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A lot of this drama was set in Nassau, but Jamaica – think Port Royal – also proliferated with pirates. So there are lessons from this drama for us here in the full Caribbean. These lessons apply right up to this moment in our handling of today’s crises; think Coronavirus-COVID-19. Is there blatant hypocrisies today? Are we mandating one sets of rules for one group of people while ignoring those rules for others – think Black versus White, think rich versus poor, urban versus rural, tourists versus natives, etc..

In summary, the good and bad experiences of Caribbean leadership over the centuries are well documented. We see that the mandate for Good Leadership is uncompromising. We must strive for this at all times, otherwise subjects defy the laws of their leaders. (Many condemned Pirates of the Caribbean were belligerent and cursing the powers-that-be right up to their last words before execution). Bad people feel justified for their bad actions against good people because of the unreconciled hypocrisy. No doubt, we must dissuade organizational hypocrisy, institutional oppression and tolerated discrimination.

Yes, elevating Caribbean society means elevating the Caribbean character; we must start with the man in the mirror.

We hereby urge all Caribbean stakeholders – leaders and followers – to lean-in to this Go Lean roadmap. This is how we will make our homeland a better place to live, work and play. 🙂

About the Book
The book Go Lean…Caribbean serves as a roadmap for the introduction and implementation of the technocratic Caribbean Union Trade Federation (CU), for the elevation of Caribbean society – for all member-states. This CU/Go Lean roadmap has these 3 prime directives:

  • Optimization of the economic engines in order to grow the regional economy to $800 Billion & create 2.2 million new jobs.
  • Establishment of a security apparatus to ensure public safety and protect the resultant economic engines.
  • Improve Caribbean governance to support these engines, including a separation-of-powers between the member-states and CU federal agencies.

The Go Lean book provides 370-pages of turn-by-turn instructions on “how” to adopt new community ethos, plus the strategies, tactics, implementations and advocacies to execute so as to reboot, reform and transform the societal engines of Caribbean society.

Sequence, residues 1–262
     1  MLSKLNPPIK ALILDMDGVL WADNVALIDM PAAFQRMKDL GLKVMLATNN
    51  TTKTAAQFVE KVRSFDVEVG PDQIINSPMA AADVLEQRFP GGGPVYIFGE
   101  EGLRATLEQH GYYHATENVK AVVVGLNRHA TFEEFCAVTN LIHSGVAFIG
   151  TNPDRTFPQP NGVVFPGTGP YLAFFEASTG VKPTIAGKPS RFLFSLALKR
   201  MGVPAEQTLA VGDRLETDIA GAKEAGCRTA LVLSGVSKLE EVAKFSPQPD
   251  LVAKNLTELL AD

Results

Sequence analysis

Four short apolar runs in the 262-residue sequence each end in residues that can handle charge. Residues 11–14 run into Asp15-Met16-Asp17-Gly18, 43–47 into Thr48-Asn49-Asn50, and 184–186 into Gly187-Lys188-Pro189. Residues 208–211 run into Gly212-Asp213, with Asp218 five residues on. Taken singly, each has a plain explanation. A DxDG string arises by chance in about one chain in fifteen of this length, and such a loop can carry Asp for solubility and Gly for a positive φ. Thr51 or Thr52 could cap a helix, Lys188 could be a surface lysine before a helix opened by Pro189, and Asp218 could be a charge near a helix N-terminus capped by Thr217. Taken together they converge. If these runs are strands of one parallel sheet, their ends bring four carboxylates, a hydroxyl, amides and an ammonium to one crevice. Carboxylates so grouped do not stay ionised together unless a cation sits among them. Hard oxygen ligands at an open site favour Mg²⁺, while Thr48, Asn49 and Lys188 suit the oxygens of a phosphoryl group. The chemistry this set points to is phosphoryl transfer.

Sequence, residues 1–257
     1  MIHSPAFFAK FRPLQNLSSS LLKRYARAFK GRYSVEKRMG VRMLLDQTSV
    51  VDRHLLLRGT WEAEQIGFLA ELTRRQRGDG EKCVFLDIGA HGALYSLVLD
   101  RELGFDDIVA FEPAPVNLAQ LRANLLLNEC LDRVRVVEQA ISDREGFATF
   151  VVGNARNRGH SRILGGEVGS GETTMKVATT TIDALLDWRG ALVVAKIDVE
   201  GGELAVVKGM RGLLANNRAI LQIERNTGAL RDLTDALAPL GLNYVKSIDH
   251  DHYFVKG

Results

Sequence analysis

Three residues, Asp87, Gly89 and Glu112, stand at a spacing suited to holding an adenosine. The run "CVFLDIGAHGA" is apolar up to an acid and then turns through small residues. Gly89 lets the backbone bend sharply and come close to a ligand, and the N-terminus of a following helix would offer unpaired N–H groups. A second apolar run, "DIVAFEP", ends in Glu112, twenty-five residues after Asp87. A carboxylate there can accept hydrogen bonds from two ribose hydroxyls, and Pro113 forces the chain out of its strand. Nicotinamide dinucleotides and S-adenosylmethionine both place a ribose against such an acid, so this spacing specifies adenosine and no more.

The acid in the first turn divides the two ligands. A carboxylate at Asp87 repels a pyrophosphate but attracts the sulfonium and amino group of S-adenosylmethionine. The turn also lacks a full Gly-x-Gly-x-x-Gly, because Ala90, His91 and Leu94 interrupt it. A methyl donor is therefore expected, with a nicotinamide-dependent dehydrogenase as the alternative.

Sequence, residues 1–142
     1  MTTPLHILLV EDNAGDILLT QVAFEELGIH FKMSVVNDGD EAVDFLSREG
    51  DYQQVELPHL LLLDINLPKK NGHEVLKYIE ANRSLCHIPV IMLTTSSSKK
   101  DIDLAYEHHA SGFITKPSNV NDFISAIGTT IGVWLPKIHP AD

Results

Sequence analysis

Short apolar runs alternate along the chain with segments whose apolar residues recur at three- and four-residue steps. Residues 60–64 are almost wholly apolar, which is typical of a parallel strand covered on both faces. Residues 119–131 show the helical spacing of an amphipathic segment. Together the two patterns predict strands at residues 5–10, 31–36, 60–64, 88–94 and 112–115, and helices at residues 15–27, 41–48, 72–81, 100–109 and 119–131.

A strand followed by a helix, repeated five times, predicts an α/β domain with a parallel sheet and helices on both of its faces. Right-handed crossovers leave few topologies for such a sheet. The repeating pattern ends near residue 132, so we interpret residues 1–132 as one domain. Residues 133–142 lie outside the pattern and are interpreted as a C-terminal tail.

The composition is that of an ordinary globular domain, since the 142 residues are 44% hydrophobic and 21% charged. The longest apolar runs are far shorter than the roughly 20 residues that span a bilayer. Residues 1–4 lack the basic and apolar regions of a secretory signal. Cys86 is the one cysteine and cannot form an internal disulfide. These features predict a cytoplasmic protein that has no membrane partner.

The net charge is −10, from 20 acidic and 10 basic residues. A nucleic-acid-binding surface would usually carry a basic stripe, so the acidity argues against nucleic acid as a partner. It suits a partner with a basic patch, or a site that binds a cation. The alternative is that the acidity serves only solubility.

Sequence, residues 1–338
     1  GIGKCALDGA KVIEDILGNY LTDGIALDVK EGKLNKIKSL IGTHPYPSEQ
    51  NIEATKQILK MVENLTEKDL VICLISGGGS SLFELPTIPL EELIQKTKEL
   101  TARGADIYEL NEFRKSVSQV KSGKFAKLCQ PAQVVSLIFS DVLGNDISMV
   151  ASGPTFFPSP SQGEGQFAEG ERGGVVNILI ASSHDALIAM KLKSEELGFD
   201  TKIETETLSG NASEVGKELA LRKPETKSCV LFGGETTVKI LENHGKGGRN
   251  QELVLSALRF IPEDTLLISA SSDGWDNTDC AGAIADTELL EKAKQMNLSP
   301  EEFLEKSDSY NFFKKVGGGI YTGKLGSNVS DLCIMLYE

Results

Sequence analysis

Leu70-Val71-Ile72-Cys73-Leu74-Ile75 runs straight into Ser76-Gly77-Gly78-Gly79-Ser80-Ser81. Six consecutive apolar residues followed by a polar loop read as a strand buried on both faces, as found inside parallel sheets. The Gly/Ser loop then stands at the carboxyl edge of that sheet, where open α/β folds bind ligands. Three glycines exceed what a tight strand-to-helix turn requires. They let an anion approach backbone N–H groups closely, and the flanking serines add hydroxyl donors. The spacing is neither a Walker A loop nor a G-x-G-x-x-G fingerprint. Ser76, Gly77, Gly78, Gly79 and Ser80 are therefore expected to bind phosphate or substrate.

Download the free e-Book of Go Lean … Caribbean – now!

Who We Are
The movement behind the Go Lean book – a non-partisan, apolitical, religiously-neutral Community Development Foundation chartered for the purpose of empowering and re-booting economic engines – stresses that reforming and transforming the Caribbean societal engines must be a regional pursuit. This was an early motivation for the roadmap, as pronounced in the opening Declaration of Interdependence (Pages 11 – 13):

xi. Whereas all men are entitled to the benefits of good governance in a free society, “new guards” must be enacted to dissuade the emergence of incompetence, corruption, nepotism and cronyism at the peril of the people’s best interest. The Federation must guarantee the executions of a social contract between government and the governed.

xii. Whereas the legacy in recent times in individual states may be that of ineffectual governance with no redress to higher authority, the accedence of this Federation will ensure accountability and escalation of the human and civil rights of the people for good governance, justice assurances, due process and the rule of law. As such, any threats of a “failed state” status for any member state must enact emergency measures on behalf of the Federation to protect the human, civil and property rights of the citizens, residents, allies, trading partners, and visitors of the affected member state and the Federation as a whole.

xvi. Whereas security of our homeland is inextricably linked to prosperity of the homeland, the economic and security interest of the region needs to be aligned under the same governance. Since economic crimes, including piracy and other forms of terrorism, can imperil the functioning of the wheels of commerce for all the citizenry, the accedence of this Federation must equip the security apparatus with the tools and techniques for predictive and proactive interdictions.

xxiv.  Whereas a free market economy can be induced and spurred for continuous progress, the Federation must install the controls to better manage aspects of the economy: jobs, inflation, savings rate, investments and other economic principles. Thereby attracting direct foreign investment because of the stability and vibrancy of our economy.